Resident Evil: Welcome to Raccoon City Review
This review contains spoilers.
If you grew up playing the Resident Evil video game franchise by CAPCOM, then chances are that you were horribly underwhelmed when Paul W. S. Anderson’s Resident Evil hit theatres in 2002. Although it wasn’t a bad film—it was actually a pretty unsettling zombie movie with some horrifying moments scattered throughout—it didn’t feel like the games so many fans had come to know and love. This is why Johannes Roberts’ Resident Evil: Welcome to Raccoon City (2021) feels like a breath of fresh air.
What It’s About
The movie is essentially an amalgamation of both the first and second Resident Evil video games. The movie starts with us seeing Claire (Kaya Scodelario) and Chris Redfield (Robbie Amell) as children in the Raccoon City Orphanage, where Claire has been seeing a strange woman who watches her from the darkness of the dorm room. We then cut to the present day, with Claire hitching a ride from a trucker who’s taking her to Racoon City. The scene is almost identical to the opening of the second Resident Evil game, with the trucker even ripping into a greasy burger and driving his semi too fast through the pouring rain. As expected, he hits a woman with his truck but instead of her waking up and biting him, she ambles off into the nearby forest while Claire calms the trucker down. His dog is less lucky, and licks some of the infect blood off the pavement but he doesn’t turn into a zombie… yet.
Claire is then dropped off in town where she finds her brother, Chris, and we learn that she’s come back because she’s worried that the Umbrella Corporation has nefarious plans for the town. Chris is less than enthusiastic about her return (given she ran away from the orphanage when they were young and has been out of contact with him for the last five years) and her accusations about umbrella. As they argue, emergency sirens ring out across the city urging people to stay in their homes. Chris leaves to go back to the police station while Claire is left on her own, a pair of rabid-looking neighbours watching her from next door. From here the movie splits into two central narratives as Raccoon City slowly falls victim to the T-virus.
The first is Chris, Jill Valentine (Hannah John-Kamen), and Albert Wesker (Tom Hopper) going to the Spencer Mansion to figure out why two of their colleagues haven’t come back after they went to check on reports of a dead body. Their team gets ambushed by zombies, Wesker finds a hidden tunnel to an underground lab that opens up after he plays the right combination of keys on a piano, and both Jill and Chris are horrified to learn that Wesker is working with a secret organization to get dirt on Umbrella’s deadly research.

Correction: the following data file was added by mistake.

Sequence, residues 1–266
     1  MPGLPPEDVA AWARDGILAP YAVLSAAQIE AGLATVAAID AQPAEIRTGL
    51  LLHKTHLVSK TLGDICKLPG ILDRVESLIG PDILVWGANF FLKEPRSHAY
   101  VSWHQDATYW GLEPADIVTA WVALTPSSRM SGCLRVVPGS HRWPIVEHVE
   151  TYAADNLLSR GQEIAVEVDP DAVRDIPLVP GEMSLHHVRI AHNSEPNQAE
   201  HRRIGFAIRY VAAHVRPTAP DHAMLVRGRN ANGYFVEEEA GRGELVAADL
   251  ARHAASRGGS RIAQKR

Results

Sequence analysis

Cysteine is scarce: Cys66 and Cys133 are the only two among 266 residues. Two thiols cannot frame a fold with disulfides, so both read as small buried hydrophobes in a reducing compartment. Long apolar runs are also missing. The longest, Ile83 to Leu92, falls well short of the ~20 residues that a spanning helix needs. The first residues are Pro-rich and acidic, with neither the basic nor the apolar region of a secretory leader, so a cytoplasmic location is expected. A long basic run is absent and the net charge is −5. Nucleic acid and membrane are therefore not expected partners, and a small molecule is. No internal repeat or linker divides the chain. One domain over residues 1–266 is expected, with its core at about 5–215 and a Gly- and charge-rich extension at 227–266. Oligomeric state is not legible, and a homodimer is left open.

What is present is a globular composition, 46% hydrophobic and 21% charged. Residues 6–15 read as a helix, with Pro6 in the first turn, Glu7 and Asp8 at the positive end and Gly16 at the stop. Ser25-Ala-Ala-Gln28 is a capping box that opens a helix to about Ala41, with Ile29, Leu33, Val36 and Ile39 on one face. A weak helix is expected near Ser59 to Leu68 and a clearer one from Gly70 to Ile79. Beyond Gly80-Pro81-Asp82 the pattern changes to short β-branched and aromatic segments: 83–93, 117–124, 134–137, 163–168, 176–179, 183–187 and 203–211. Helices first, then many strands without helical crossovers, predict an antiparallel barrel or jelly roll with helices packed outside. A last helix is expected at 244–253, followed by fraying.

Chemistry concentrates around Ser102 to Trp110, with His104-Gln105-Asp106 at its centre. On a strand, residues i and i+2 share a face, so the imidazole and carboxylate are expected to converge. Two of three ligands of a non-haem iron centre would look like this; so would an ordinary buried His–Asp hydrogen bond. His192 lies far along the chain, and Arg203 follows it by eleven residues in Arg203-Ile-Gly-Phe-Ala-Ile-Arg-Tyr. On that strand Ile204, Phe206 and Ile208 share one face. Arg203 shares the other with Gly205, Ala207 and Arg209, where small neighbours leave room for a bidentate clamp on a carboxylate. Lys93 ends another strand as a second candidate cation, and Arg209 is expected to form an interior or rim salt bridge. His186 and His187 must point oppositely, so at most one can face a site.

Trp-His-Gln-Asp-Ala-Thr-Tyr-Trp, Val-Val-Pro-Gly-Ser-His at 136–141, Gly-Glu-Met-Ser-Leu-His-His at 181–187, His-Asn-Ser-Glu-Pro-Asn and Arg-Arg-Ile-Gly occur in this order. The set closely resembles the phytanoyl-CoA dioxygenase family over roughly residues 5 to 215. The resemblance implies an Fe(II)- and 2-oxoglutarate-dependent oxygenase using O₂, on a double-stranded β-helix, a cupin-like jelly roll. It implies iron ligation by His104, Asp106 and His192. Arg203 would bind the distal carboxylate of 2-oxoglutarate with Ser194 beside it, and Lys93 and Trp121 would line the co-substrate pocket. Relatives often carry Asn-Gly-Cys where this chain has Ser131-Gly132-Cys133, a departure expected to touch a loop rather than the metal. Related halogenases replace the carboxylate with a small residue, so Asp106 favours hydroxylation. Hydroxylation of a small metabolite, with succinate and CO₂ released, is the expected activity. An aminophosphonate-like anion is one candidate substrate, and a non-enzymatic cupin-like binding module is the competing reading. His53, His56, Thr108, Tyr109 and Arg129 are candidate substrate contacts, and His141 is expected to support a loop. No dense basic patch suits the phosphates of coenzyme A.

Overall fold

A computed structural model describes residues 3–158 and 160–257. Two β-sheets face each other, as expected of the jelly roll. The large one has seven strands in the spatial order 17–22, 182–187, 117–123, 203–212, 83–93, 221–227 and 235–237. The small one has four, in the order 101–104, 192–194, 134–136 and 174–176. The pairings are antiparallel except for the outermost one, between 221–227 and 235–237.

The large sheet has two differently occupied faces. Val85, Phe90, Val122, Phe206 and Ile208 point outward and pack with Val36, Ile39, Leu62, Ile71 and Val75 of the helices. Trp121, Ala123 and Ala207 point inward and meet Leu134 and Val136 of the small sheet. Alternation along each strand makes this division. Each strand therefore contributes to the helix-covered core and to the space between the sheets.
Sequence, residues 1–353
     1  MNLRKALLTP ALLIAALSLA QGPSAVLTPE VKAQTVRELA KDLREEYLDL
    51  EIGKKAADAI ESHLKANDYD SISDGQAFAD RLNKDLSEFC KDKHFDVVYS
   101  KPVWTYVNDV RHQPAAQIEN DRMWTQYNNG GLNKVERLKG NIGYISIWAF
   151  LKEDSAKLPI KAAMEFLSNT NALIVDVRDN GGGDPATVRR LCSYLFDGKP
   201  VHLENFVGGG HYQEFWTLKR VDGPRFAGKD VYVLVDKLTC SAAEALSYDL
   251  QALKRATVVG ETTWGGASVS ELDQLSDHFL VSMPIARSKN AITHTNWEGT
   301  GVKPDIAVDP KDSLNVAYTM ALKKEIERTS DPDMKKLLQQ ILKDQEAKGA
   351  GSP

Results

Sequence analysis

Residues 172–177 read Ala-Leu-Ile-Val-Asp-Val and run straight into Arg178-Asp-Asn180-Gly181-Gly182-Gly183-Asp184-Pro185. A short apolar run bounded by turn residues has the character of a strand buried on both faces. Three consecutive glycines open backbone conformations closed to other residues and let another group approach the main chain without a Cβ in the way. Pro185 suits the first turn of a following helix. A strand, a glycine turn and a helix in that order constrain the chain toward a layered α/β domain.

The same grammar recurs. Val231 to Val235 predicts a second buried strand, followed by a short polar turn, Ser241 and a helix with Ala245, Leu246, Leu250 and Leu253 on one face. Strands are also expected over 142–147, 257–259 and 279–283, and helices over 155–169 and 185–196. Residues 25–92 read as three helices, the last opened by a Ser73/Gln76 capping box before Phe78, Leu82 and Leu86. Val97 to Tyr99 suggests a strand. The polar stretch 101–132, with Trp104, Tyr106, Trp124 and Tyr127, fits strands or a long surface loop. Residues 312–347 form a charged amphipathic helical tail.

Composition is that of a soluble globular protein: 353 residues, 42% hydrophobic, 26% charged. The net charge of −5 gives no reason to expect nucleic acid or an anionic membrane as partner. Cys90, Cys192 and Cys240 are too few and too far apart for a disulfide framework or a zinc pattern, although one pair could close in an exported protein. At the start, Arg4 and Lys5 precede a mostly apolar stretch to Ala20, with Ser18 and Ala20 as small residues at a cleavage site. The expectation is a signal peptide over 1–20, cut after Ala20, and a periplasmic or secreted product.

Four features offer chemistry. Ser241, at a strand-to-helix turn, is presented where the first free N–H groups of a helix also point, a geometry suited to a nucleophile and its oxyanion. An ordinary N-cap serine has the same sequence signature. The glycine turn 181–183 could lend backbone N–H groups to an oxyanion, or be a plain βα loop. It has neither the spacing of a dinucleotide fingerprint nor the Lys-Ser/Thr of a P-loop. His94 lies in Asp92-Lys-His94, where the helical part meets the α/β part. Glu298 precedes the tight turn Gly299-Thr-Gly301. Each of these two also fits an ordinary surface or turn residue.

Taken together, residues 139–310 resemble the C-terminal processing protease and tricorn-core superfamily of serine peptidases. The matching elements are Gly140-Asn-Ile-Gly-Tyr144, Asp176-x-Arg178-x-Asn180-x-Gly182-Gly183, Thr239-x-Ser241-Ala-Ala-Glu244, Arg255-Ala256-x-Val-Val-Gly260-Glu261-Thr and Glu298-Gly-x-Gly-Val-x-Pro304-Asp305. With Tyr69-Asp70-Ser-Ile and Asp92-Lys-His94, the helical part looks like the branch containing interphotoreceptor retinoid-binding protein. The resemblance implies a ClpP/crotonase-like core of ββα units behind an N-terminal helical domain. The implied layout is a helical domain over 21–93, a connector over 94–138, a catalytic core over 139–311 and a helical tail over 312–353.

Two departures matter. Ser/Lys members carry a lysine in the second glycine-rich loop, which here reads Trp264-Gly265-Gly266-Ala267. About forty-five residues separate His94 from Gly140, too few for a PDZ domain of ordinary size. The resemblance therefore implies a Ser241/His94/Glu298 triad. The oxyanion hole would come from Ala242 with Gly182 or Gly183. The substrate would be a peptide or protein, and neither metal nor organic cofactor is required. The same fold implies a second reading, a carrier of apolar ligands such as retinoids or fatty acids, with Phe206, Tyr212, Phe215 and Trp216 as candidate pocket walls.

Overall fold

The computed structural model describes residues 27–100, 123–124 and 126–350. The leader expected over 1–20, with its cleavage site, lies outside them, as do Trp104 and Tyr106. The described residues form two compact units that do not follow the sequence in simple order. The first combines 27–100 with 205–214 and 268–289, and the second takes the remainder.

The other is Claire’s quest to find Chris after she’s attacked by two zombies (his former neighbours) while alone in his living room. She travels to the Raccoon City Police Department where she meets Captain Irons (Donal Logue) and Leon S. Kennedy (Avan Jogia) who have locked themselves inside the precinct after a truck (the very one she’d hitchhiked in) overturned and exploded in front of the station and where zombies are gathering en-masse outside the doors. The trio is forced to flee the station, make their way to the Racoon City Orphanage (where a Captain Irons is killed), and through its secret underground lab. We also learn that Claire ran away from the orphanage when she was a child because William Birkin (Neal McDonough) had attempted to experiment on her, but she ran away before he could.
From here, both narratives join into one, and we follow the group to Birkin’s secret lab where Wesker has killed him and his wife. Wesker is about to kill Birkin’s daughter too, but Jill shoots him and stops him in the nick of time. Unfortunately, Birkin injected himself with the virus before he died and he mutates into a giant monster, is killed, mutates again, and chases them as the group escapes on an underground train out of the city.